The choice is mine.  I can leave a legacy of love and commitment, or one of selfish ambition and deceit.

Married or single, let’s thank God for His love and for teaching us to surrender to Him.  If we can open our heart to God and allow Him to love us intimately, we’re more likely to love deeply and have the ability to receive love when it’s offered.

You never know when your part of this adventure will end, so purpose to take some time during the next sunset to reminisce about the day’s crazy adventure.  Give thanks for the one God allowed you to walk this journey with, as imperfect as you are.

God’s mercies are new every morning, so let ours be also.


Purpose to be each other’s happiness, then you can live Happily Ever After in both the awesome and the ugly things of life.

Wilted Hope – Is She Wrong To Dream?

The man sees her, then lays wilted flowers at her feet as payment for her.  Will she accept his minimal offer?  Will weariness cause her to relinquish hope?

Is it so wrong to dream?  Is it such a crime for Ruth to long for a hero?  To envision her knight riding in and rescuing her from the emptiness in her heart, and the black void in the back of her throat that swallows her breath before it reaches her lungs.  If only she could be the one to captivate him.  If only she didn’t bear the shame of a once has-been.  Oh’ she was radiant next to her forever love.  Since death’s sting, she’s now dirty from the fields and darkened by the burning day’s sun.  Her hands are no longer lovely, but callused from the chaff she has to weed through.  Years have passed and her eyes have witnessed society’s corruption.  Hope of obtaining anything more than her present circumstance is thin.

But there is a thread of faith still coursing through her blood. If she can just press on one more moment, one more hour, one more day, then maybe change will come.  If she had completely given up, she would no longer get up in the morning and taste a morning meal.  If she allowed the internal switch to flip to off, she would not even permit her eyes to open, but she does.  She gets up.  She stands to her feet, grabbing her aching heart as she forces air deep, deep, deep into her lungs.  Ruth tunes her ears to listens for the voice that’s been comforting her in this long winter season; and He speaks, “I walk with you.”  As long as she can hear Him, she knows she will be ok.  She whispers back, “Please guide me on the perfect path You have for my life.”  Then Ruth proceeds to live.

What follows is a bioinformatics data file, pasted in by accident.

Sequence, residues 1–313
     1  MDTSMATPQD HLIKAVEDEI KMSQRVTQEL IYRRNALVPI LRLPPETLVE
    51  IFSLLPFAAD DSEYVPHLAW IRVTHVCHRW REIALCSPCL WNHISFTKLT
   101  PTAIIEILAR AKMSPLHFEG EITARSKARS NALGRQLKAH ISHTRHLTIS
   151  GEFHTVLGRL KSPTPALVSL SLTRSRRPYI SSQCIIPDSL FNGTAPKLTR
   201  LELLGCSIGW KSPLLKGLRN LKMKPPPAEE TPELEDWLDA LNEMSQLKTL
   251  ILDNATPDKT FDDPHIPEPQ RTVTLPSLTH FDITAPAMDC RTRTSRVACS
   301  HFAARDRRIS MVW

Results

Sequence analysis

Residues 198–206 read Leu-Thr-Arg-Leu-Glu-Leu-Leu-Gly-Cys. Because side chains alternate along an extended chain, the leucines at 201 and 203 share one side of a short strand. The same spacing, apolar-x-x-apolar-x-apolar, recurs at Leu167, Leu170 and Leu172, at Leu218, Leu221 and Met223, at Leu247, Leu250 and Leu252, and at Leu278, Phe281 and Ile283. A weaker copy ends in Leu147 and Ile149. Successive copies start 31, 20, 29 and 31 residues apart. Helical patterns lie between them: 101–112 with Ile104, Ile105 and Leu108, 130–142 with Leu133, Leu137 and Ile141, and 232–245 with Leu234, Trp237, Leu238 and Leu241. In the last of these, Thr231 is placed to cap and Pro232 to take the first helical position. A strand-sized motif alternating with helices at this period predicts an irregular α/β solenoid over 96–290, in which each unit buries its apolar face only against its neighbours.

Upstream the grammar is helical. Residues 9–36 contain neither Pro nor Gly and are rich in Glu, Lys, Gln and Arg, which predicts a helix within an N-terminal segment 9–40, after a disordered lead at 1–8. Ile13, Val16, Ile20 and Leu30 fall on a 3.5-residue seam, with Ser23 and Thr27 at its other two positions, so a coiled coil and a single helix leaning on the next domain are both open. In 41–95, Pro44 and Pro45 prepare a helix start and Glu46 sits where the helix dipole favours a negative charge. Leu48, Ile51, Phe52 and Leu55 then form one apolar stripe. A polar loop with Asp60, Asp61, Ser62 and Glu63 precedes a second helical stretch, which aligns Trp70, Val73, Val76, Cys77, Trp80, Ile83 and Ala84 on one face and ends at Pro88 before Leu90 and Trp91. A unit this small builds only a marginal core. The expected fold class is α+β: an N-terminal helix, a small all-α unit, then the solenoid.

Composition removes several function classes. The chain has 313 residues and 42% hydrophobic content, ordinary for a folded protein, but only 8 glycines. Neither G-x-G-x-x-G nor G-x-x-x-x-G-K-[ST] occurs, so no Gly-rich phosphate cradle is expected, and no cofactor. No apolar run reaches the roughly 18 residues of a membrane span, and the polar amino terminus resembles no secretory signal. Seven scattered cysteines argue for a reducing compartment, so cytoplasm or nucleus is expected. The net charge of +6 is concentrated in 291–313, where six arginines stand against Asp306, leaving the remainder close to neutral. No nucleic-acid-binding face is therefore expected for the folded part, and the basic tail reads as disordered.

I’ve been told that because my standards are so high, the field of possibility for a “hero” is narrowed greatly.  Maybe so, but to broaden my standards would mean accepting the serpent’s lie spoken so long ago in the garden.  “Did God really say…?”  “Surely you will not die.” (Gen 3:1-4) To settle for what society says is good enough would make me like Sarah, who offered her maid Hagar to her husband Abraham to obtain her promised son.  Sarah tried to manipulate God and therefore planted tainted seed, and we are still paying a high price for her action today.

Ruth waited eleven years for Boaz to find her, to be her hero.  She waited and let God work out all the details that would turn her broken and tired heart into a heart that danced with joy again.  Even after she and Boaz met, there were still obstacles to overcome.  Before Boaz could rightfully marry Ruth, he had to get the first “close relative” in line to forfeit his right to her.  Boaz was a man of high honor, so he did so according to custom and law – he legally bought her.  She captivated his heart so much that he paid to support both Ruth and Ruth’s mother-in-law, Naomi.